“ ‘Poe’s life, in fact, during the three years that yet remained to him, was simply a repetition of his previous existence, not withstanding which, his reputation still increased, and he made many friends. He was, indeed, at one time, engaged to many a lady who is termed “one of the most brilliant women in New England.” He, however, suddenly changed his determination; and after declaring his intention to break the match, he crossed, the same day, into the city where the lady dwelt, and, on the evening that should have been the evening before the bridal, “committed in drunkenness such outrages at her house as made necessary a summons of the police.” ’ [[’ ”]]

“The subject is one which cannot well be approached without invading the sanctities of private life; and the improbabilities of the story may, to those acquainted with the parties, be deemed an all-sufficient refutation. But in view of the rapidly increasing circulation which this story has obtained, and the severity of comment which it hast elicited, the friends of the late Edgar A. Poe deem it an imperative duty to free his memory from this unjust reproach, and to oppose to it their unqualified denial. Such a denial is due, not only to the memory of the departed, but also to the lady whose home is supposed to have been desecrated by these disgraceful outrages. [page 221:]

“Mr. Poe was frequently my guest during his stay in Providence. In his several visits to the city I was with him daily. I was acquainted with the circumstances of his engagement and with the causes which led to its dissolution. I am authorized to say, not only from my personal knowledge, but also from the statements of all who were conversant with the affair, that there exists not a shadow of foundation for the stories above alluded to.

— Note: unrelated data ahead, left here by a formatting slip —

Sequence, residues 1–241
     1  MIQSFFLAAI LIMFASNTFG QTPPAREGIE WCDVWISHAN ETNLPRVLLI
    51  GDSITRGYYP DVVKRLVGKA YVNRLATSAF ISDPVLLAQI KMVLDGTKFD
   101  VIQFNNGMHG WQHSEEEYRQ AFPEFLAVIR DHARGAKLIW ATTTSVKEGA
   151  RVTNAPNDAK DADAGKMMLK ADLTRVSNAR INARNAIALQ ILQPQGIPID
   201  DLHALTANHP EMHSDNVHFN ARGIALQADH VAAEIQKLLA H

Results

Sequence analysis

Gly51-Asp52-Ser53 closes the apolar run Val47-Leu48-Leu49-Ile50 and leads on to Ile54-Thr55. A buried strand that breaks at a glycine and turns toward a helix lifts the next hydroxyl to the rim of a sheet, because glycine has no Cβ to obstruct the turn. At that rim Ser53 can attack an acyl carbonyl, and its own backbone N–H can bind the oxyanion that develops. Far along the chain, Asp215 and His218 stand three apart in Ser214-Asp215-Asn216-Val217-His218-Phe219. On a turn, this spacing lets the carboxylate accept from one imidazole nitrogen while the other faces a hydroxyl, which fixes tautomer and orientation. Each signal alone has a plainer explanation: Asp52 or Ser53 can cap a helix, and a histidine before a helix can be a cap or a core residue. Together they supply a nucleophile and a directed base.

“Mr. Poe’s friends have no desire to palliate his faults, nor to conceal the fact of his intemperance — a vice which, though never habitual to him, seems, according to Dr. Griswold’s published statements, to have repeatedly assailed him at the most momentous epochs of his life. With the single exception of this fault, which he has so fearfully expiated, his conduct, during the period of my acquaintance with him, was invariably that of a man of honor and a gentleman; and I know that, in the hearts of all who knew him best among us, he is remembered with feelings of melancholy interest and generous sympathy.

“We understand that Dr. Griswold has expressed his sincere regret that these unfounded reports should have been sanctioned by his authority; and we doubt not, if he possesses that fairness of character and uprightness of intention which we have ascribed to him, that he will do what lies in his power to remove an undeserved stigma from the memory of the departed.


“Providence, June 2, 1852.”

In answer to this, we find Dr. Griswold, in the rˆle of a bully, impudently attempting to put [page 222:] down Mr. Pabodie’s dignified statement vi et armis. He writes to Mr. Pabodie a private letter, as follows: —

New York, June 8, 1852.